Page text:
The opposition to the proposed change in interpreting "feasible" engineering controls for noise is reminiscent of the opposition to OSHA when it was created.

National Academy of Engineering Report Urges 85 dB PEL

OSHA has long used the 90 dB Permissible Exposure Limit to define maximum "safe" noise, although much of the rest of the world disagrees.

A new "Technology for a Quieter America" report from the National Academy of Engineering's Committee on Technology for a Quieter America supports NIOSH's recommended 85 dB as the Permissible Exposure Limit for noise-exposed workers. Many organizations have urged OSHA to reduce its current 90 dB PEL to 85, which is used by most other countries in the world.

85 dB is the required "action level" according to OSHA's hearing conservation standard. MSHA also uses 90 dB as its exposure limit.

The OSHA PEL defines the maximum "safe" noise above which any 8-hour exposure requires that workers wear hearing protectors. The report endorses the lower PEL, using engineering controls as the first method of eliminating harmful noise, and "buy quiet" programs that encourage companies to buy less-noisy machinery and equipment.

NIOSH on Oct. 27 posted a release about a noise reduction device it has developed for drilling roof holes inside underground mines. Underground miners are frequently exposed to harmful noise because they are worked in confined areas near loud machinery, the agency says.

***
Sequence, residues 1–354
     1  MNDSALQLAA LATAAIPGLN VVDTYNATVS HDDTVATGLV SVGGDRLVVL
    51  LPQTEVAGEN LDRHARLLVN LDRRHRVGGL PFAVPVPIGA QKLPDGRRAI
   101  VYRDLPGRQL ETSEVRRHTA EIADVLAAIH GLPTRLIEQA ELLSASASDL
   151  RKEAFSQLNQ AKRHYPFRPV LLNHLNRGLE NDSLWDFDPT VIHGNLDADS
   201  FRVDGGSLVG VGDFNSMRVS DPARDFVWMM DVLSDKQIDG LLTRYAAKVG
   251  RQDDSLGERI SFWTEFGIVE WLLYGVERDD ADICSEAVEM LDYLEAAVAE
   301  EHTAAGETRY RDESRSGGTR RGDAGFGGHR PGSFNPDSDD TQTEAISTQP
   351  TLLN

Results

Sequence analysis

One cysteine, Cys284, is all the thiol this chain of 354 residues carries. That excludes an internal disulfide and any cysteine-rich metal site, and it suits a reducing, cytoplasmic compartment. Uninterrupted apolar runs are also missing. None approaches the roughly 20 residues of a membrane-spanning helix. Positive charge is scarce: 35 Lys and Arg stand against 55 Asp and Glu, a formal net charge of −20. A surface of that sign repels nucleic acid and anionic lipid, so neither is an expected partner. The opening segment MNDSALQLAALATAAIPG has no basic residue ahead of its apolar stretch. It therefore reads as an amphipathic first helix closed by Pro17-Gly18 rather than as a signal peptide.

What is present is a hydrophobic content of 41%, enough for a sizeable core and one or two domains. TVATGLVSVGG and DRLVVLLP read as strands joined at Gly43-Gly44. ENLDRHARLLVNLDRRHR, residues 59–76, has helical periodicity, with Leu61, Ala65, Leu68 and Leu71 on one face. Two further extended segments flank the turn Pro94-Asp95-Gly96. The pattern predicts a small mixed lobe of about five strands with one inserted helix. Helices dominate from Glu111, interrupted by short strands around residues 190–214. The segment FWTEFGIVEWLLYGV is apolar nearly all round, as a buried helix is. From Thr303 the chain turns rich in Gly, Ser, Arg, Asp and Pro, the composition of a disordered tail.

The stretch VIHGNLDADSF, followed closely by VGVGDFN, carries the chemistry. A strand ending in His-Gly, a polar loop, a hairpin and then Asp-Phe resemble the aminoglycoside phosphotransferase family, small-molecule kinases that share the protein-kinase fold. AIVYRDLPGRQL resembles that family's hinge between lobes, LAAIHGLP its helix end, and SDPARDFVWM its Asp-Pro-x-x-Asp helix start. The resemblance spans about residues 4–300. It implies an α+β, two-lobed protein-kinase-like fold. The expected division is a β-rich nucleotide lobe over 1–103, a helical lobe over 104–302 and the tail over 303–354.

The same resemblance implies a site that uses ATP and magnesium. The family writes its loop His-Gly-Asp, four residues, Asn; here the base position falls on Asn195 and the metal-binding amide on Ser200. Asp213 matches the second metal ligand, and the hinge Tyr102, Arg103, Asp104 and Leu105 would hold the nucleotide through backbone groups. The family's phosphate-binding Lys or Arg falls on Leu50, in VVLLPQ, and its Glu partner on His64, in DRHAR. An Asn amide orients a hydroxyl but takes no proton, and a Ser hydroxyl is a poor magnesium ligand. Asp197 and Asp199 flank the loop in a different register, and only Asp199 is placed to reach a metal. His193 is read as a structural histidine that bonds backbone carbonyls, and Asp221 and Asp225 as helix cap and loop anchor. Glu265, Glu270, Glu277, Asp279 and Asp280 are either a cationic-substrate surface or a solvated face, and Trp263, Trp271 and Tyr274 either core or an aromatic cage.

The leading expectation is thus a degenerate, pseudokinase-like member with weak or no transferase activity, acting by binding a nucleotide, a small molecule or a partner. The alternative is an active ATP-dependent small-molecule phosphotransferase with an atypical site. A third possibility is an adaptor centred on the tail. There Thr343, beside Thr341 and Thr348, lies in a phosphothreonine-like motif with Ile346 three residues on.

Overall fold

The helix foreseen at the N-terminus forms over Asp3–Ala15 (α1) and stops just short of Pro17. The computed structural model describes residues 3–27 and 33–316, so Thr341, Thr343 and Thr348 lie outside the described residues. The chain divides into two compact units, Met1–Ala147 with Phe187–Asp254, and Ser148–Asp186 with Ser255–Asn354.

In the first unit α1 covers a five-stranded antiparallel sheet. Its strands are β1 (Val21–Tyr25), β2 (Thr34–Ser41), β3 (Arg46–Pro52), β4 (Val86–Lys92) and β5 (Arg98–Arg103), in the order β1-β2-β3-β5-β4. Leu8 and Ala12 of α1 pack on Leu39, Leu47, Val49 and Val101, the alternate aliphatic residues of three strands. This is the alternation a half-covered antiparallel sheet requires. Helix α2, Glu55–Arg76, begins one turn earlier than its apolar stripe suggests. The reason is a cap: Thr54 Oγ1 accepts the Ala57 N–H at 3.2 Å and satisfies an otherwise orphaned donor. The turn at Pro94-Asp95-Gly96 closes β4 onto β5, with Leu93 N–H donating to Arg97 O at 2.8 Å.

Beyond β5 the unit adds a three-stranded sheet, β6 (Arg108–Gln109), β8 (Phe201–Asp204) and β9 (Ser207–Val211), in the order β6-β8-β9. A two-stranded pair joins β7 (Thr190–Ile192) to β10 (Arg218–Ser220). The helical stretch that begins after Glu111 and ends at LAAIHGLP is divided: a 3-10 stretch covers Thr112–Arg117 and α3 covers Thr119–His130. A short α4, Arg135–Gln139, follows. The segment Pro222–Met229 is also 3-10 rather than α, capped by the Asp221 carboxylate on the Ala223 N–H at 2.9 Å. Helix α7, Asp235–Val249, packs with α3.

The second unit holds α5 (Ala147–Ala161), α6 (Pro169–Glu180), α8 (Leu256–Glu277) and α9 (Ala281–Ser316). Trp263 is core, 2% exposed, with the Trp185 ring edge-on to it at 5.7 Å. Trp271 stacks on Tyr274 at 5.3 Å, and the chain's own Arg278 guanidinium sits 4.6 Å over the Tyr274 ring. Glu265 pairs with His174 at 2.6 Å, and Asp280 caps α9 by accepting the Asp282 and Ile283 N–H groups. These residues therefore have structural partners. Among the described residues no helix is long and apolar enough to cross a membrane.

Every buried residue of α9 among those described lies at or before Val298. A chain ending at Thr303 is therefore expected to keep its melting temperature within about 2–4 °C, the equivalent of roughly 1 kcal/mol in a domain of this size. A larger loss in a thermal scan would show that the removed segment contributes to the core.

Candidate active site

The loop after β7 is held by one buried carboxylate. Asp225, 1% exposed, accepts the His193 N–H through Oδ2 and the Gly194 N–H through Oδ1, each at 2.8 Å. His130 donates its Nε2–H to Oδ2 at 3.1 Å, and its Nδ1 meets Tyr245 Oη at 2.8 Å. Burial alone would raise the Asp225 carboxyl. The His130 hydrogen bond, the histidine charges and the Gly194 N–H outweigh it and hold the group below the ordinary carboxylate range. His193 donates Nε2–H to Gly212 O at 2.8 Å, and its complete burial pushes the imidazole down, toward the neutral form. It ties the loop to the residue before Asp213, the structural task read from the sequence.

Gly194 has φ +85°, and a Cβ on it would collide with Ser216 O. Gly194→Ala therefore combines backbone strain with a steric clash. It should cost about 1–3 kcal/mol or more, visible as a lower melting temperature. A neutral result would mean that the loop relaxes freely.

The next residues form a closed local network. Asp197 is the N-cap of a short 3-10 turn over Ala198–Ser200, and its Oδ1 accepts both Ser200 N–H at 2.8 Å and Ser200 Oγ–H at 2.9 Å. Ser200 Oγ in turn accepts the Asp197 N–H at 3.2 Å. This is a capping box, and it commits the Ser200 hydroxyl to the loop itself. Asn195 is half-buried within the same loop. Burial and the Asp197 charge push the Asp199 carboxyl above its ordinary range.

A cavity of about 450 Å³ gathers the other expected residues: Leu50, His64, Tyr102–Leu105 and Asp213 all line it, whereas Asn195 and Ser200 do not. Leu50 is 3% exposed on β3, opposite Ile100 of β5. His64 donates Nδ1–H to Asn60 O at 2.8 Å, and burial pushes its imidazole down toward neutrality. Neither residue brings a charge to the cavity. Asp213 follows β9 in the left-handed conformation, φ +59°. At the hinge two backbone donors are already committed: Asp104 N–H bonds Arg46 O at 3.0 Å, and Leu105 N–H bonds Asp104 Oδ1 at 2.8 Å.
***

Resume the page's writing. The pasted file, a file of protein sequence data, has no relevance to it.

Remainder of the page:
The report also addresses the impact of personal listening devices and off-the-job noise sources. "As the population of the United States and, indeed, the world increases and developing countries become more industrialized," the NAE summary says, "problems of noise are likely to become more pervasive and lower the quality of life for everyone. Efforts to manage noise exposures, to design quieter buildings, products, equipment, and transportation vehicles, and to provide a regulatory environment that facilitates adequate, cost-effective, sustainable noise controls require our immediate attention."

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OH&S Digital Edition

  • OHS Magazine Digital Edition - January 2019

    January 2019

    Featuring:

    • PREVENTING ERRORS
      Production vs. Safety 
    • EMERGENCY SHOWERS & EYEWASH
      Meeting the Requirements for Emergency Equipment
    • CONSTRUCTION SAFETY
      The State of Contractor Safety
    • FOOT PROTECTION
      The Three Keys to Effective Chemical Management
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